Tuesday, May 17, 2016

Guide to attending the Gurdwara/Sikh Temple

Nishan Sahib image from
A Sikh temple is also called a Gurdwara. Here is a guide to attending a Sikh temple. 

There is no smoking, consumption of alcohol or drugs on the temple premises. When you attend the temple you will notice that there is a triangular orange flag outside the temple. This is called the Nishan Sahib. The nishan sahib helps for people from far and wide to be able to find the temple.  It has a khanda (the symbol for our religion) on it. The double edged sword itself in the middle is also called a khanda. And there are two kirpans (swords) on either side and a chakkar or circle.

The double edged sword symbolizes divine knowledge/one God.The two kirpans represent the balance between Piri (spiritual sovereignty. It reminds us of our spiritual role in praying, etc.) and Miri (political sovereignty. It reminds us of our worldly roles in fighting against injustice).The circle inside symbolizes God without beginning or end, and a symbol of oneness of humanity

Khanda, image from
Inside the temple there will be an area to put your shoes. Men’s and women’s sides will be opposite to each other. After you remove your shoes, you should wash your hands and cover your head (no hats please). There are head coverings provided if you don’t already have one. We remove our shoes and cover our heads as a sign of respect. When attending the temple it’s important to wear something comfortable yet modest as you will be sitting on the ground.  

In the front of the main hall you will see the Sri Guru Granth Sahib Ji. These are our holy scriptures. There were 10 Gurus in Sikhism and the 10th, Guru Gobind Singh Ji, passed on the guruship to the Sri Guru Granth Sahib Ji, therefore we treat our Sri Guru Granth Sahib Ji as our living Guru. It has the writings of the Sikh Gurus, and also many Hindus and Muslims. You will notice the scriptures are covered in a cloth. That is called the Ramala Sahib and is changed every week. When you walk up to the Guru Granth Sahib Ji you can stand and say a prayer and offer some money if you’d like. Then you will bow down to the Sri Guru Granth Sahib Ji. Note we are bowing down to the Divine light and knowledge of the Guru, not the physical book. We do not do idol worship in Sikhism. Just as a king sits on a throne, we have a Manji sahib for the Guru Granth Sahib. The canopy above is called a chanani. You may have observed that there is a person standing behind the Guru Granth Sahib waving a Chaur Sahib. This is used to fan the Guru Granth Sahib out of respect, just as young people used to wave fans for their elders in their homes and people waved them for the emperors.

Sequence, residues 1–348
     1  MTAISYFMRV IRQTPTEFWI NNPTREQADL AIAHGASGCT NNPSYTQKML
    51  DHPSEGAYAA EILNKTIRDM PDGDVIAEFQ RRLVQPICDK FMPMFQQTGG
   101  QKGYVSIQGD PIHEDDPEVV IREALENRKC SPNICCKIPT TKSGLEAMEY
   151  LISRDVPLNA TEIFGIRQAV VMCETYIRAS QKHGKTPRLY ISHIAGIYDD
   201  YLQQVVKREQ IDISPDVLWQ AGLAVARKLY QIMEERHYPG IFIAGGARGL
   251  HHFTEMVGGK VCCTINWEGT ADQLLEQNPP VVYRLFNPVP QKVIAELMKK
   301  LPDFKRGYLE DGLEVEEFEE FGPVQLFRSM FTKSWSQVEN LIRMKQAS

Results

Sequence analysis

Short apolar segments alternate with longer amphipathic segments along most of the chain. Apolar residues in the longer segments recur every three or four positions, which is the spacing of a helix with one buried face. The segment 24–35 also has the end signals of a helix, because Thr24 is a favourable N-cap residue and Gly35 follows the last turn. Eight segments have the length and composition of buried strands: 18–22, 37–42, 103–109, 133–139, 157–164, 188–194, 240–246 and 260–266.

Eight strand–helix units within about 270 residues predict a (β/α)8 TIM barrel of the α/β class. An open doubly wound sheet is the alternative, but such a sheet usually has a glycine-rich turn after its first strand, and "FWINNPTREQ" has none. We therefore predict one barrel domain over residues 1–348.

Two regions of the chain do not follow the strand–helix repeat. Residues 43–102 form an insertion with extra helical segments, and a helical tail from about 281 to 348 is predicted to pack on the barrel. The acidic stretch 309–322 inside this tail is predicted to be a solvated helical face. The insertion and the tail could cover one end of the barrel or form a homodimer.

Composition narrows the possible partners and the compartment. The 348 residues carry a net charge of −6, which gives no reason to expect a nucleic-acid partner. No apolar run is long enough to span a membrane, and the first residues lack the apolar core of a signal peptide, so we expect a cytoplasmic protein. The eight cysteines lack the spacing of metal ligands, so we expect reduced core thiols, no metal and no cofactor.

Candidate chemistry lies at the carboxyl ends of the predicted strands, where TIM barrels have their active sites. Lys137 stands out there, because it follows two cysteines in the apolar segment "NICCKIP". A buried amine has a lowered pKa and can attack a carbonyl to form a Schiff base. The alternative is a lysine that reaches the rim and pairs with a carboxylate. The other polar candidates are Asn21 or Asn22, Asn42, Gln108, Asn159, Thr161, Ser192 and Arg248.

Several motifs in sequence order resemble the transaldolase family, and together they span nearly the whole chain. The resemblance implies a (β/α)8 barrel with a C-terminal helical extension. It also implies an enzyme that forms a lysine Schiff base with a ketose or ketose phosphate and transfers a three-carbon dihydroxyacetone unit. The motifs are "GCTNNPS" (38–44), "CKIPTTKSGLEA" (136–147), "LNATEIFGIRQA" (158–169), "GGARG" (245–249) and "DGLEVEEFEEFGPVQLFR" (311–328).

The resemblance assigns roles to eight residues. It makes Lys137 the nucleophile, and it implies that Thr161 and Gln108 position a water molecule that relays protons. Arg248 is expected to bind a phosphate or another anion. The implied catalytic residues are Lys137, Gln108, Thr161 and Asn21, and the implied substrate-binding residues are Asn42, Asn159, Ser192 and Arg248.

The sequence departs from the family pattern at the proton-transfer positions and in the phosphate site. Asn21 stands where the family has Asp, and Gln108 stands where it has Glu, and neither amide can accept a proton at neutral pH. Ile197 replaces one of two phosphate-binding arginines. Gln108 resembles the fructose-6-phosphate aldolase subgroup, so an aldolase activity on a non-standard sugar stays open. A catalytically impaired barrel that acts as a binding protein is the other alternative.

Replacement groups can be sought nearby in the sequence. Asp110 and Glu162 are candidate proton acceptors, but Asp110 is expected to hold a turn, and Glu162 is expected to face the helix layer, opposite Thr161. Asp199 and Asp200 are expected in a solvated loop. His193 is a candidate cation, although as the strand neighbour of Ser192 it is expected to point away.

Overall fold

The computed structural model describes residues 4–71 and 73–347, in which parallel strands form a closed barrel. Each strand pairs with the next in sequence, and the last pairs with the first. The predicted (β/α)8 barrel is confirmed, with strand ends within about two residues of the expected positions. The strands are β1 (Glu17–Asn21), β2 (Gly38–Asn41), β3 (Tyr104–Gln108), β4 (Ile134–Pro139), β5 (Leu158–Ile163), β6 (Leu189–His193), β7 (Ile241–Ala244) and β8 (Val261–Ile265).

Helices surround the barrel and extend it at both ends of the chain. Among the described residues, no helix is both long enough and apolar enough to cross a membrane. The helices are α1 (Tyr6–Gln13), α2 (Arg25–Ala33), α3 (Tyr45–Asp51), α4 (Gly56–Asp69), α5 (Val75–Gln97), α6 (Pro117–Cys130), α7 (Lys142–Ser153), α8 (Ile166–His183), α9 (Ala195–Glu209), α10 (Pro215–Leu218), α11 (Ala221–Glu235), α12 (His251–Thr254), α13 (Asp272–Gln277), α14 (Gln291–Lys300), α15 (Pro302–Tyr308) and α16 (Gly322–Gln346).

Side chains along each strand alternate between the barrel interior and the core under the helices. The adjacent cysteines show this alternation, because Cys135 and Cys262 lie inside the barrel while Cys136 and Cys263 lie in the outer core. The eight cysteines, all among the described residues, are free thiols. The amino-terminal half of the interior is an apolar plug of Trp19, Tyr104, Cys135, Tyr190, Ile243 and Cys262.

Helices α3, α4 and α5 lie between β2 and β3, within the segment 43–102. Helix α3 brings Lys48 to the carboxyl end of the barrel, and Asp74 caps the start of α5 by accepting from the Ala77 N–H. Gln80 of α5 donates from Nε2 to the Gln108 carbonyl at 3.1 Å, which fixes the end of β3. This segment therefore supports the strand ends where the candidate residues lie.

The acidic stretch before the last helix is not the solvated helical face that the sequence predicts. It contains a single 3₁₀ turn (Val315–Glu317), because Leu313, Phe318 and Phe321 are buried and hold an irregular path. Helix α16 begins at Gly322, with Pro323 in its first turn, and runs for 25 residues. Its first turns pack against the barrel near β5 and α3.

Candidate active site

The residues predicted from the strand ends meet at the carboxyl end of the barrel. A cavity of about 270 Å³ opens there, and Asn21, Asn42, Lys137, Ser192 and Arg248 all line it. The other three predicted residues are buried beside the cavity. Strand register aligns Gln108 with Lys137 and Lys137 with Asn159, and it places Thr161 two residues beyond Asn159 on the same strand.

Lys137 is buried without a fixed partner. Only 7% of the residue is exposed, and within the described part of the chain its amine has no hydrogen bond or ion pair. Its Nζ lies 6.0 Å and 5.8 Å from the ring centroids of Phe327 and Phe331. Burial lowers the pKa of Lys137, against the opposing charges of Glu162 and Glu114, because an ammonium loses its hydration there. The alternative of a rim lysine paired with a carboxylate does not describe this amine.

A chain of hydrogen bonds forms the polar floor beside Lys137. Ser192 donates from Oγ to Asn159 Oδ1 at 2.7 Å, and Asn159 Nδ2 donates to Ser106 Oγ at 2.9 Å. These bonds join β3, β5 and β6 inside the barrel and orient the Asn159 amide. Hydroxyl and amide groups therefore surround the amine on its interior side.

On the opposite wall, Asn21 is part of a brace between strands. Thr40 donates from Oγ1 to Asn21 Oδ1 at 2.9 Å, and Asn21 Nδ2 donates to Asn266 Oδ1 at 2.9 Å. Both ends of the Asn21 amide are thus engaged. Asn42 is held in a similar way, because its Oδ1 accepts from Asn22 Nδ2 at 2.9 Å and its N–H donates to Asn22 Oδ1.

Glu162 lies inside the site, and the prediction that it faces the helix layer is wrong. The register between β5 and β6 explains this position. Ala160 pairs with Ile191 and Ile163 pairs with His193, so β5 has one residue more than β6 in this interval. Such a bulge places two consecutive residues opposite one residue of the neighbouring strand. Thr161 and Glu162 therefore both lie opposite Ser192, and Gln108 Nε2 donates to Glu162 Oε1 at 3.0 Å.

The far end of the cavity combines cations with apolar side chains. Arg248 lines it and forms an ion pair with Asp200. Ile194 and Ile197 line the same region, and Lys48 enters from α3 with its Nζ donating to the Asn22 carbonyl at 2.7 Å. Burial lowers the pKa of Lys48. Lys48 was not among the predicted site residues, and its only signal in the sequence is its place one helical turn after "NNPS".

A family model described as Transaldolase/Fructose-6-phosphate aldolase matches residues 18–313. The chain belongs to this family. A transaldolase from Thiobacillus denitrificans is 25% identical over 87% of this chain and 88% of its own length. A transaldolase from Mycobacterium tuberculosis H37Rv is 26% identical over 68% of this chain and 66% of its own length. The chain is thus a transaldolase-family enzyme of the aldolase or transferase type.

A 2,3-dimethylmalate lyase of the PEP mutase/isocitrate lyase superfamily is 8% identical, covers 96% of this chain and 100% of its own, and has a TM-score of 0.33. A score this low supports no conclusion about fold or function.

Sri Guru Granth Sahib Ji. Image from 
The men sit on one side of the temple and the women sit on another side. (The explanation I have heard is because of opposite polar energies, and because it helps to keep people focused. But I think it’s probably more cultural than religious, as some Gurdwaras do not follow this.) We sit on the ground for equality. It’s important to remember not to sit with legs extended/feet turned towards the Sri Guru Granth Sahib, or stand with your back turned to the Guru Granth Sahib as this is considered disrespectful. It’s okay to turn around and walk back to your seat, etc. though. 

The service consists of playing music (usually the harmonium, but sometimes other instruments ranging from violin to sitar are used) while singing hymns. You may see men, women or children singing hymns on the stage. Children are usually in Punjabi classes on Sundays however. The Gyani (similar to a priest; he is knowledgeable spiritually and lives at the temple) will explain some of the meanings of the hymns and explain stories from our history. People in the audience will often sing along to the hymns. At around 12 pm (or later if there is a special event) we do a prayer collectively called Anand Sahib and then we stand up for a collective prayer, the Ardas. People stand with their hands folded/joined. In this prayer, we remember the sacrifices made by Sikhs before us, and we thank God for what we have, and specific people can ask to have their prayers read aloud as well.  There are parts in the prayer where we remember God by saying his name aloud, Waheguru. At the end everyone bows down and stands up again. Once the Gyani says “Bole So Nihal” (whoever utters the phrase following shall be fulfilled), everyone replies “Sat Sri Akal” (Eternal is the Lord). And then “Waheguru Ji Ka Khalsa, Waheguru Ji Ki fateh" (Hail the Khalsa that belongs to God, and Hail God to whom belongs the victory).  Then we sit to listen to the hukamnama, the reading of a hymn from the Guru Granth Sahib which is taken as the order of God for the day. Once this is concluded, there are usually announcements and the kara parshad/degh is handed out. This probably best described as “pudding” although it is thicker consistency, and is made of flour, butter, and sugar. It is handed out as a blessing. During the Ardas you may have observed that someone stirred the degh with a small kirpan (sword) signifying it has been blessed by the Guru. Langar is served downstairs once the service is concluded. Langar is a free kitchen. Volunteers from the community prepare the food and share it with the community. Again, everyone sits together on the floor- whether it’s a king or a poor person, for equality.  Everyone is welcome to attend.

Although anyone is welcome at the temple anytime, for those not familiar with the temple it may be best to go on Sundays when there are lots of people around to explain and there is a service. People come and go as they please, but the service on Sundays is usually from about 10-1230 and then langar is served.


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